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DREXEL BURNHAM
LAMBERT
OUTLINE
O INTRODUCTION
O BACKGROUND
O STRUCTURE OF DBL
O CORPORATE COLLAPSE

O PROBLEM
O REASONS
O CONCLUSION
INTRODUCTION
 Drexel Burnham Lambert was a major Wall Street

investment banking firm,
 Which first rose to prominence
...
BACKGROUND
 Investment banking firm
 I W "Tubby" Burnham Founded in 1935
 Its head quarters - New York, United States
...
THE STRUCTURE OF DBL GROUP
Societe Arabe d’Investment et
de Financement,Ltd.

Group Bruselle
Lambert SA

Pargesa Holdings ...
THE COLLAPSE OF DBL
 DBL financial structure became unsustainable
 Junk bonds and bridge loans illiquid
 Unable to roll...
OFFICIALS ROLL OUT THE
SAFETY NET
 Authorities protected the regulated subsidiaries
 Ready to counteract spill over effe...
A largely successful application of financial regulation
Customers of regulated subs protected
No serious contagion , e...
PROBLEMS
 In September 1988 for insider trading, stock manipulation, defrauding

its clients and stock parking (buying st...
REASONS
 The firm's aggressive culture led into unethical

 Milken himself viewed the securities laws, rules and regulat...
 Impossible for Drexel to reborrow its outstanding commercial

paper
 Its posted a $40 million loss for 1989 - the first...
CONCLUSION
 Drexel managed to survive into 1990 by transferring some of the

excess capital from its regulated broker/dea...
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Drexel burnham lambert

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Drexel burnham lambert

  1. 1. DREXEL BURNHAM LAMBERT
  2. 2. OUTLINE O INTRODUCTION O BACKGROUND O STRUCTURE OF DBL O CORPORATE COLLAPSE O PROBLEM O REASONS O CONCLUSION
  3. 3. INTRODUCTION  Drexel Burnham Lambert was a major Wall Street investment banking firm,  Which first rose to prominence  It was forced into bankruptcy in February 1990 by its involvement in illegal activities in the junk bond market  Driven by Drexel employee Michael Milken.  At its height, it was the fifth-largest investment bank in the United States.
  4. 4. BACKGROUND  Investment banking firm  I W "Tubby" Burnham Founded in 1935  Its head quarters - New York, United States  $44 million in capital  The enlarged firm was privately held Lambert held 26 percent stake received six seats on the board of directors.  Most of the remaining 74 percent was held by employees.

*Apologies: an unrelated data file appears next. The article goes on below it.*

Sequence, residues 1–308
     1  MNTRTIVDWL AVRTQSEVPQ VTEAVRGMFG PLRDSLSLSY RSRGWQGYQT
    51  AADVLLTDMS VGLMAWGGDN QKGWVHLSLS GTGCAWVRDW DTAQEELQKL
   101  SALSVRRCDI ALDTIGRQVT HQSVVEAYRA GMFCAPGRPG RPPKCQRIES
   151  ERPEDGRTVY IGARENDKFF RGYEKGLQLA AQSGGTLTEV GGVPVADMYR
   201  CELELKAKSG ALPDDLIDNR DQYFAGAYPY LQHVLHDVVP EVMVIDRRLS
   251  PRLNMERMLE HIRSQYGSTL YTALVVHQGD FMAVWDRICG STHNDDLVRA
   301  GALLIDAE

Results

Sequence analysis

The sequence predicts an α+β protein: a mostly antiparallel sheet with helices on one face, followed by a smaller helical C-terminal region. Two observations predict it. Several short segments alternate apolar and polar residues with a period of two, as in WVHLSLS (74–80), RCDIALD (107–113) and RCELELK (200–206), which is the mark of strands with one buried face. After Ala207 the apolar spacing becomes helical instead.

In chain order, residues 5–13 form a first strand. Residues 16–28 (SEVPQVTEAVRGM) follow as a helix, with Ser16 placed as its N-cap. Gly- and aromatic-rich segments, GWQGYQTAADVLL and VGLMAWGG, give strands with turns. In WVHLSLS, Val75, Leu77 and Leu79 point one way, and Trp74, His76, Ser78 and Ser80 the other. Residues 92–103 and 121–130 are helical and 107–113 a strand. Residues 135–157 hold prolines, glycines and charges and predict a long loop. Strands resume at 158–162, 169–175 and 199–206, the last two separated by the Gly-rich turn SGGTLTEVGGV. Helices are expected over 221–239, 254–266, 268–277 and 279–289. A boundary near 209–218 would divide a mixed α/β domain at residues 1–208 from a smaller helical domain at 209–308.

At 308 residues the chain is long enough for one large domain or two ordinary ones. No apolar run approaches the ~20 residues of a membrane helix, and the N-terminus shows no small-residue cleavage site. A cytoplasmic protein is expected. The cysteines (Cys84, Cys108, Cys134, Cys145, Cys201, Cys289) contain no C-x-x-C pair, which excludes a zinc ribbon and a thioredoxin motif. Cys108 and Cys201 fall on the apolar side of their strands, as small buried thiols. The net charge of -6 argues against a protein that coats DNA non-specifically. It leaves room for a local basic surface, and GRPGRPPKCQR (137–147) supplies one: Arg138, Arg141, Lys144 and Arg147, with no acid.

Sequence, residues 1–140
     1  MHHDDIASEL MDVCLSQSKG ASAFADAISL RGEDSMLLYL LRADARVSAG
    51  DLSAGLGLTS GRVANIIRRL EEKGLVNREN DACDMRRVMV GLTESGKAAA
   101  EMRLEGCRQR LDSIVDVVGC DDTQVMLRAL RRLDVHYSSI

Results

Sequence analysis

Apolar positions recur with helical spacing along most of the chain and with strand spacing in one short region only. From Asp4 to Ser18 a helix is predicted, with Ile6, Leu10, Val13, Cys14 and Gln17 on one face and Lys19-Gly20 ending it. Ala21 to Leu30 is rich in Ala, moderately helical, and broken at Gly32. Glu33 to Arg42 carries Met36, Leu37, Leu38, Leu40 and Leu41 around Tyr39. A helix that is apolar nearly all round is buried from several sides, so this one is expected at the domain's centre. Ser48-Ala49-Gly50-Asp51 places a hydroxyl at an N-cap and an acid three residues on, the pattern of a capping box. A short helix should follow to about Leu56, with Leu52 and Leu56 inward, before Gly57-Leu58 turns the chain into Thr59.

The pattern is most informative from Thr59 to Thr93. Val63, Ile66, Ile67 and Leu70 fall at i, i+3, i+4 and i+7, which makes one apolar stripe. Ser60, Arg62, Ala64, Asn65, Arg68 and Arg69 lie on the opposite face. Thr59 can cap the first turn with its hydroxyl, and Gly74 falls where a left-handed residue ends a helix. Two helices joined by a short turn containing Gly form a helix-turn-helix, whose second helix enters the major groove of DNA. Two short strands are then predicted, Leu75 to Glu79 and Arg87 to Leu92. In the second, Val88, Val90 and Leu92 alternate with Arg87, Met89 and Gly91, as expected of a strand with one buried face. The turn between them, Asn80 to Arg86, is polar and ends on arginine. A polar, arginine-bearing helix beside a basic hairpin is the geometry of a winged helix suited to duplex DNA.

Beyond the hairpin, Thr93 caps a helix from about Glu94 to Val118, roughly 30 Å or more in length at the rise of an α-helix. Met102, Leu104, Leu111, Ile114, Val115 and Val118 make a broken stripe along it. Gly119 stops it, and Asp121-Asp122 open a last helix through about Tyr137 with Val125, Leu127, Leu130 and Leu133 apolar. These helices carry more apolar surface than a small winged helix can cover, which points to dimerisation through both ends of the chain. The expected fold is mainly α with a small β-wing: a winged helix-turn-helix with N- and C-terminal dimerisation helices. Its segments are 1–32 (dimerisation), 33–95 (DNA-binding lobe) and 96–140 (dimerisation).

5. 5. THE STRUCTURE OF DBL GROUP Societe Arabe d’Investment et de Financement,Ltd. Group Bruselle Lambert SA Pargesa Holdings SA Switzerland Definancement,Ltd Drexel Employees and other private interests Lambert Brussels Associates, Bermuda Drexel Burnham Lambert Group, Inc.(DBLG) Consolidated Assets: $28 billion Equity: $835,725,000, 12/28/89 Other unregulated subsidiaries DBL International bank N.V. DBL Trading Corporation Drexel Burnham Lambert Inc (DBL) DBL Govt securities (GSI)
  6. 6. THE COLLAPSE OF DBL  DBL financial structure became unsustainable  Junk bonds and bridge loans illiquid  Unable to roll over commercial paper  Like commercial bank without a safety net  Prohibited from upstreaming excess capital in regulated subsidiaries  DBL filed for protection under chapter 11 bankruptcy procedures.
  7. 7. OFFICIALS ROLL OUT THE SAFETY NET  Authorities protected the regulated subsidiaries  Ready to counteract spill over effects  Bank of England and Fed intervened to sustain clearing and settlement and facilitate unwinding of postions at DBL trading
  8. 8. A largely successful application of financial regulation Customers of regulated subs protected No serious contagion , even though entire group collapsed
  9. 9. PROBLEMS  In September 1988 for insider trading, stock manipulation, defrauding its clients and stock parking (buying stocks for the benefit of another)  Due to several deals that didn't work out, as well as an unexpected crash of the junk bond market, 1989 was a difficult year for Drexel even after it settled the criminal and SEC cases.  Reports of an $86 million loss going into the fourth quarter resulted in the firm's commercial paper rating being cut in late November
  10. 10. REASONS  The firm's aggressive culture led into unethical  Milken himself viewed the securities laws, rules and regulations  Unethical behaviour at drexel operation founded by Joseph  Dennis Levine, a Drexel managing director and investment banker, was charged with insider trading  Milken refused to cooperate with Drexel's investigation, only speaking through his attorney own internal
  11. 11.  Impossible for Drexel to reborrow its outstanding commercial paper  Its posted a $40 million loss for 1989 - the first operating loss in its 54-year history
  12. 12. CONCLUSION  Drexel managed to survive into 1990 by transferring some of the excess capital from its regulated broker/dealer subsidiary into the Drexel holding company  By February 12, it was obvious Drexel was headed for collapse. Its commercial paper rating was further reduced that day.  Accordingly, he, the SEC, the NYSE and the Federal Bank strongly advised Joseph to file for bankruptcy. Later the next day, Drexel officially filed for Chapter 11 bankruptcy protection

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